I hate, abhor, and despise attending anything that is labeled as a networking event.
People only seem to talk about what they “do”, in other words, their work. There doesn’t seem to be room for learning more about the person; for making a real connection.
Yet, what is the purpose of these networking events? To connect with people for work purposes.
- Will you buy my wares?
- Will you connect me to someone who will buy my wares.
So I think they’re operating just the way they’re supposed to. And I loathe it.
Many people would say my loathing of networking events is resistance (actually I would too). But there’s a very good chance they would also add that this means I’m at my edge, on the verge of breaking through to something very important for me.
Before today, I would have sighed and agreed and forced myself to go to networking meetings. This is my edge right?
Wrong. One size does not fit all.
In my Soul Caller’s group, there’s been a discussion about resistance and edges and pushing through the fear.
One of the wonderful members of this group posted this passage from The War of Art by Stephen Pressfield.
“Resistance is experienced as fear; the degree of fear equates to strength of resistance. Therefore, the more fear we feel about a specific enterprise, the more certain we can be that that enterprise is important to us.”
Pressfield’s passage made me realize that my resistance to networking functions is not based in fear. Granted I always have some butterflies in my stomach when it’s a new group, but that’s normal when entering a new situation. It’s butterflies, not gut wrenching fear.
I’m merely resisting what doesn’t work for me. I rarely get work from those situations. It feels false. Often the people there aren’t “my” people. You can call this rationalization on my part. You can call it denial. But geez-louise if I don’t know myself and start listening to myself now, I’ll die living a business model that others want me to live, not my model.
And my model does involve meeting people. Lots of people. The people that volunteer for the causes I believe in. When I was on the Board of Casa Guadalupe I made strong contacts with people from many businesses and organizations.
When I volunteered for hospice, the other volunteers and staff connected me to many other people with whom I could network.
When I volunteered at the local NPR station, I made valuable contacts.
At all these places I also made friends. The people I volunteered with saw the type of person I was and my work ethic better than anyone ever did at a Chamber of Commerce breakfast.
I’m a chit chatter. It comes naturally. An elevator speech at a so-called networking event does not come naturally.
Since I moved to Arlington, VA I made a friend and good contact at a Zumba class.
A woman standing outside Harris Teeter’s asked me if I was registered to vote. My registration is still in Pennsylvania so I took the opportunity to register in VA and, of course, chit-chat. I have her phone number and an invitation to go walking. She’s lived in the area for twenty years. I might have made a friend and some good contacts.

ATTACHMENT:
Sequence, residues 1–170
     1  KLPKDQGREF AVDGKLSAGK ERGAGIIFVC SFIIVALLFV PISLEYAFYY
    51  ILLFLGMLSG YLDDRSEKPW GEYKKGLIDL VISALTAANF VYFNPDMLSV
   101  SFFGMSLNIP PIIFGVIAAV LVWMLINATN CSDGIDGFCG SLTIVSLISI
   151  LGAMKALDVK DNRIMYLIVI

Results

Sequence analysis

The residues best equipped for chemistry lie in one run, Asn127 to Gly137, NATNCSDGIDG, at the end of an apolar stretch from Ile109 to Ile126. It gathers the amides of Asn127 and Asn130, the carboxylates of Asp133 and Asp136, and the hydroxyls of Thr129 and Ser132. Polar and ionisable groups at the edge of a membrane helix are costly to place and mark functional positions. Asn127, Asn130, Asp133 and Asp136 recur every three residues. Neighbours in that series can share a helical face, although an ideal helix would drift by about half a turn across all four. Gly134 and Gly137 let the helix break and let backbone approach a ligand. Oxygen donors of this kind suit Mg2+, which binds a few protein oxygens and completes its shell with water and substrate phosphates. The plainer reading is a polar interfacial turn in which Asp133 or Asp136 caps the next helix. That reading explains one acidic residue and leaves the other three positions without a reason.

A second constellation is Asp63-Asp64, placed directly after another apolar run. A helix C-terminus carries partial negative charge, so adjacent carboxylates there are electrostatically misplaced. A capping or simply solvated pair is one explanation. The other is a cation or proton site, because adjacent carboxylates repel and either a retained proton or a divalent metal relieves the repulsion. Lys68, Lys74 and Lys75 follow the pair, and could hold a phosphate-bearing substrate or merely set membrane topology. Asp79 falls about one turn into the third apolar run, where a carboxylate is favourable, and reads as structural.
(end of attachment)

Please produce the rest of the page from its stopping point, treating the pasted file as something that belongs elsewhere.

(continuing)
I also attend Guerilla Mentoring events with The Hot Momma’s Project at George Washington University. I learn a lot there and make contacts without having to give an elevator speech.
I don’t need to become excellent at elevator speeches just because they’re hard for me or I get nervous (fear) about them. It’s like saying a kid who’s poor at Math but strong in English should pursue Math as her major rather than English because that’s where she needs to get stronger. Or she should pursue it because her math anxiety is an edge for her. Poppycock.
What Energizes You & What Saps Your Energy
Resistance and fear can teach us a lot about ourselves.
Overcoming fear and stretching beyond your comfort zone is an important part of our growth. But you can be discerning about what resistance and/or fears you take on.
Pay attention to your energy level related to the things you resist. (This can be tricky because resistance can come in the form of tiredness. Our brain is a powerful protector of the status quo.)
Do the things you resist – for example in my case networking events – drain you after you do them or energize you?
I know I’m energized and proud of myself when I overcome a fear that is impeding my life. But I do not feel energized after a networking event, in fact I often feel drained.
Think of 3 things you’ve done that you initially resisted, which ultimately energized you and made you feel happy. How can you expand on these wins for your continual growth? Pay attention to these clues for identifying and accomplishing what you really desire.
Now think of 3 things you’ve done that you initially resisted, which continue to drain you and make you feel unhappy. Drop ‘em. They’re not for you. For example, if blogging continues to drain you and not make you happy, find some other way to reach your audience. And ask yourself in a quiet moment, after several deep cleansing breaths, if writing really is the dream you want to pursue.
What is your resistance and energy level telling you? I’d like to hear about it.